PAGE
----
File Sharing Safety
To avoid file sharing illegally, you can follow three simple steps: Only upload content that you have the right to share. Next, make sure to download content that is legal for downloading. Finally, make sure to use file sharing sources that are reputable and trustworthy. Most trustworthy sources will offer paid memberships and written warnings about downloading or uploading copyrighted content.
But for many, the temptation to get something for nothing is just too great to ignore. Remember the old adage, “Nothing in life is free”? Well that’s especially true when it comes to files you download for free on the Internet.
To better understand the danger involved with file sharing, just think of what file sharing means. Remember, P2P means that you are peer to peer - one person to another. On the other side of the file share, however, may be a “peer” that may make you a little uncomfortable. When you download a file, it may not always be from a reputable source. Consider the popular site Limewire. After the popular file sharing site Napster was shut down and prevented from offering free (and illegal) downloads, Limewire became the next go-to source for those who chose to ignore copyright infringement laws. If you visit the site now, you’ll immediately see this message:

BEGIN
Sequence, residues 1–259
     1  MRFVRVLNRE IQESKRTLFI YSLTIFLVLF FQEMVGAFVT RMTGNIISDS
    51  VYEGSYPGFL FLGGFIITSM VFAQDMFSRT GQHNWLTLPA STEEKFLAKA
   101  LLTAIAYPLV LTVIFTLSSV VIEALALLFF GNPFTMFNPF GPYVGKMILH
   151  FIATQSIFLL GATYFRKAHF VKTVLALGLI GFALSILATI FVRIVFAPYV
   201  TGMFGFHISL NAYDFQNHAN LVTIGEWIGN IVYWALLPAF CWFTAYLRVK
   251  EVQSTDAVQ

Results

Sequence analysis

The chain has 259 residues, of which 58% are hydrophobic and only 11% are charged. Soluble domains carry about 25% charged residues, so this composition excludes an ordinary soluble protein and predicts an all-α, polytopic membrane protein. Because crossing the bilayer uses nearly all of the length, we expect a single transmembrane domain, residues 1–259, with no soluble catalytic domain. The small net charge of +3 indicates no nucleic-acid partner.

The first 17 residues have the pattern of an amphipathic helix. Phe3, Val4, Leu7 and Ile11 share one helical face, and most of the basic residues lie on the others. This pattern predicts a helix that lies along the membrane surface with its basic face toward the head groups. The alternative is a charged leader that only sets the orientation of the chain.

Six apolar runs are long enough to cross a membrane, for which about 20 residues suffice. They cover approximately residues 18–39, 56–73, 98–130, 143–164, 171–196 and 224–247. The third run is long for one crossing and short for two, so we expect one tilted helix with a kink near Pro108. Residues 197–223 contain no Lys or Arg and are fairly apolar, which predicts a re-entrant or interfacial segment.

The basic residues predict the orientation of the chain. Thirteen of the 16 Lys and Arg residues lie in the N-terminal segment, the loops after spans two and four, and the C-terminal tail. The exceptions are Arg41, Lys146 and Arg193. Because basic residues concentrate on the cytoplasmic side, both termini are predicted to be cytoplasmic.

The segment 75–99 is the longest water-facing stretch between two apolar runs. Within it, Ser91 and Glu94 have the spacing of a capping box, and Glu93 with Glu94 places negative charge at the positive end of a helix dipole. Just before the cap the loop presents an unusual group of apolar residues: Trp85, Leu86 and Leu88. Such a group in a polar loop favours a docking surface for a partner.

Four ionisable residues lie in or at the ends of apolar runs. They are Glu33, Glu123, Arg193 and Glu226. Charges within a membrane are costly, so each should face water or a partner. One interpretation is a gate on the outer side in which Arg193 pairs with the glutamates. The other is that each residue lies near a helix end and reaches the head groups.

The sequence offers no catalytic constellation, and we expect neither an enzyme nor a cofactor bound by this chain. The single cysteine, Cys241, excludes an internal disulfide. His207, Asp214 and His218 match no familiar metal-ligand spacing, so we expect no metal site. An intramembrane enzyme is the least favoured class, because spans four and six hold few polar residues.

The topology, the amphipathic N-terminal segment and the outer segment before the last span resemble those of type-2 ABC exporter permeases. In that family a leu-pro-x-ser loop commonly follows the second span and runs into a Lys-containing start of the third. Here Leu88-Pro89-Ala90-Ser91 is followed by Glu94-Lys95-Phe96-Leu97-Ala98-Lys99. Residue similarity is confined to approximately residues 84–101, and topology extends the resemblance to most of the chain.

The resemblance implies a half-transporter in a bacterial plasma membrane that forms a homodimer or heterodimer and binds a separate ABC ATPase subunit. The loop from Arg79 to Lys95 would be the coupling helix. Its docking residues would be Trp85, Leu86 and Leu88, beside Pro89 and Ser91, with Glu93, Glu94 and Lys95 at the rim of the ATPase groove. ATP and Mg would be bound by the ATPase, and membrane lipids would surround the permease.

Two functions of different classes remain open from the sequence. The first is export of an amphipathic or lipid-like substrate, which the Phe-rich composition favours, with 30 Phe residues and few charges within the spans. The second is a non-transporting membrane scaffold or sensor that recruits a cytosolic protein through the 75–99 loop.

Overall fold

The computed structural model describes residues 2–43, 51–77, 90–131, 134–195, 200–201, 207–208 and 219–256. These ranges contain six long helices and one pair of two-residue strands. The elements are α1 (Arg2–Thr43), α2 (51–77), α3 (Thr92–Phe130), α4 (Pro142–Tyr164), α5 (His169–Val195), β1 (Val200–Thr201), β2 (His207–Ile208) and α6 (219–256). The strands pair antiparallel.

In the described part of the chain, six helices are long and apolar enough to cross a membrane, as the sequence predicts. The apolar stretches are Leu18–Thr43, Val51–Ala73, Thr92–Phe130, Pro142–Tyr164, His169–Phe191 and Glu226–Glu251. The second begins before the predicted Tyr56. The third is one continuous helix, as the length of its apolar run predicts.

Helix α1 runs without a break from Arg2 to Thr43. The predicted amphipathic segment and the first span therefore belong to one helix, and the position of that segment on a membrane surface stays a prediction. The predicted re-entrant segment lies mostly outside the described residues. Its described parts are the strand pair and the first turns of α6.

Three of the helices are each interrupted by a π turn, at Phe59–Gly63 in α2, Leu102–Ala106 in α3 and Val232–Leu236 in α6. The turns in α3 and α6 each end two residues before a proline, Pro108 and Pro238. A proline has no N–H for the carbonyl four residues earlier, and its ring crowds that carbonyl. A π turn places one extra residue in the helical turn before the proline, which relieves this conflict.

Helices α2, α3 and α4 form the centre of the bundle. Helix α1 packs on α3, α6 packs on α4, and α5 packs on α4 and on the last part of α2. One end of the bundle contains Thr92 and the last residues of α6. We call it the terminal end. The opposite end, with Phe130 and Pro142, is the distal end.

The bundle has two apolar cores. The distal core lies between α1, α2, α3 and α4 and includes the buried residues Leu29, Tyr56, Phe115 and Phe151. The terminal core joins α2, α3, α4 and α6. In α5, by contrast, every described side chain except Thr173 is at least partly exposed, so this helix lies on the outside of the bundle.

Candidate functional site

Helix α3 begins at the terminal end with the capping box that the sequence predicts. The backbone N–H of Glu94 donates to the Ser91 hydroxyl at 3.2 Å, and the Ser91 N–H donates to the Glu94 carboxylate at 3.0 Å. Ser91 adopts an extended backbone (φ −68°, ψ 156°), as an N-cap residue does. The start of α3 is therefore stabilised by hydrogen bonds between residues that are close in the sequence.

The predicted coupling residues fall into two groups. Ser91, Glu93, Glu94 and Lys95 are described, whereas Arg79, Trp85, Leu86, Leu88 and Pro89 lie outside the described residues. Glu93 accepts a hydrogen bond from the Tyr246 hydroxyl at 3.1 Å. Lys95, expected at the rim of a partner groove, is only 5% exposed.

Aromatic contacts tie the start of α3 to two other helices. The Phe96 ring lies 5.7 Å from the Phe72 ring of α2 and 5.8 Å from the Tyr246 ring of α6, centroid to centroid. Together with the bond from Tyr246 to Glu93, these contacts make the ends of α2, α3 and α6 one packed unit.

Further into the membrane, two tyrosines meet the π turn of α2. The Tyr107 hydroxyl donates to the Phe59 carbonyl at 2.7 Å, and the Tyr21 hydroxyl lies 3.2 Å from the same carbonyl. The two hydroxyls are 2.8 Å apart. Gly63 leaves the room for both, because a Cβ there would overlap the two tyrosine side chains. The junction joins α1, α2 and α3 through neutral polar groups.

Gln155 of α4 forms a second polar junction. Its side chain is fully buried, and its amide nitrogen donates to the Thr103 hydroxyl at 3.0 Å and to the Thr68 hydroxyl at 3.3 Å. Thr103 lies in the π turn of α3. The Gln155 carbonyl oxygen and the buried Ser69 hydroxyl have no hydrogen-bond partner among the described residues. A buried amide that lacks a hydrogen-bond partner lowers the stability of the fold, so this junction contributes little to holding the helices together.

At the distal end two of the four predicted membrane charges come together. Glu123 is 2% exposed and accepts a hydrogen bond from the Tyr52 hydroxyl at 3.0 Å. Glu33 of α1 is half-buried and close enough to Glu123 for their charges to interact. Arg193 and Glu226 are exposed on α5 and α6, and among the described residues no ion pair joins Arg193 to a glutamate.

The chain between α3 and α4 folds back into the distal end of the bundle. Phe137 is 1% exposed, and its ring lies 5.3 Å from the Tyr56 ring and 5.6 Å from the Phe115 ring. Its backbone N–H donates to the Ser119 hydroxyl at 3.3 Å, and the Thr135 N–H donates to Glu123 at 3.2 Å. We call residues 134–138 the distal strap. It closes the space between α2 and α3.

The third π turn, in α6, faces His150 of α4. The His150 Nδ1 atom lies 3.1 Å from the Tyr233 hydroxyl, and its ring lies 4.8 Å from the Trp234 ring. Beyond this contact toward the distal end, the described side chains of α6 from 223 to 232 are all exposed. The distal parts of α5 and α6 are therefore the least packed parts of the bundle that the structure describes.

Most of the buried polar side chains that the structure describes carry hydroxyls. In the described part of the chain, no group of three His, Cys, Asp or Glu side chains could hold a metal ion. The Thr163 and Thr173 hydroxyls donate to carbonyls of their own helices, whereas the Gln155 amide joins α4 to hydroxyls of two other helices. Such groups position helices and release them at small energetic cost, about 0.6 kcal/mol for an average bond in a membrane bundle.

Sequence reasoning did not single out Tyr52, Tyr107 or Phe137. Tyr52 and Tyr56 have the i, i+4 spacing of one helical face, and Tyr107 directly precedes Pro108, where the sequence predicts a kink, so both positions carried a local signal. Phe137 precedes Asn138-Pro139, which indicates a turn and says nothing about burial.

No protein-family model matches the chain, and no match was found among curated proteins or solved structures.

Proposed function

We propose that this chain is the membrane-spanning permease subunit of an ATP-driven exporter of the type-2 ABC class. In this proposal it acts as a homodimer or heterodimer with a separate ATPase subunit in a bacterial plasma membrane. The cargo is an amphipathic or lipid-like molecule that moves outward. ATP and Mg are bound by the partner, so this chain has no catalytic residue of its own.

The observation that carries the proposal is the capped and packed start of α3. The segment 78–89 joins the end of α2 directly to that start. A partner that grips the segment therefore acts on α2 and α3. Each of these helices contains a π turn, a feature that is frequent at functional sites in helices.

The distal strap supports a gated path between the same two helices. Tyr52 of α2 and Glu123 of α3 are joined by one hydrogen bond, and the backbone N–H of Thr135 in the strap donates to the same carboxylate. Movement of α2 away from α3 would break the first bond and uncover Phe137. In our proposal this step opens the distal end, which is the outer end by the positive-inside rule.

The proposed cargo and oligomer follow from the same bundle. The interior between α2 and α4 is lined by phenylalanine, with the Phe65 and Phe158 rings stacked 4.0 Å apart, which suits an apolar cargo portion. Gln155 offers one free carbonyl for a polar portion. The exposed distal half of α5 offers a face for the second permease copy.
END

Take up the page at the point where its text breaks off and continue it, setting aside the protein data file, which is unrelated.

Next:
LimeWire is under a court order dated October 26, 2010 to stop distributing the LimeWire software. A copy of the injunction can be found here. LimeWire LLC, its directors and officers, are taking all steps to comply with the injunction. We have very recently become aware of unauthorized applications on the internet purporting to use the LimeWire name. We demand that all persons using the LimeWire software, name, or trademark in order to upload or download copyrighted works in any manner cease and desist from doing so. We further remind you that the unauthorized uploading and downloading of copyrighted works is illegal. If you have downloaded LimeWire software in the past, files on your personal computers containing private or sensitive information may have been inadvertently shared and you should use your best efforts to remove the software from your computers.
Sites that allow users to ignore copyright laws are dangerous ground for honest users, but a favorite haunt of the disreputable. In the recent past, Limewire was a very popular site for a most unexpected but dangerous user – the crystal meth addict. By hacking into the computers of Limewire users, addicts would steal as much personal information as possible and open fraudulent bank accounts with newly created (fake) IDs. After writing thousands of dollars of bad checks to support their habit, they would move on to the next unsuspecting victim, leaving the legal mess for someone else to clean up.
Let Limewire be a lesson for those who love file sharing – not every peer you share with has your best interests at heart.
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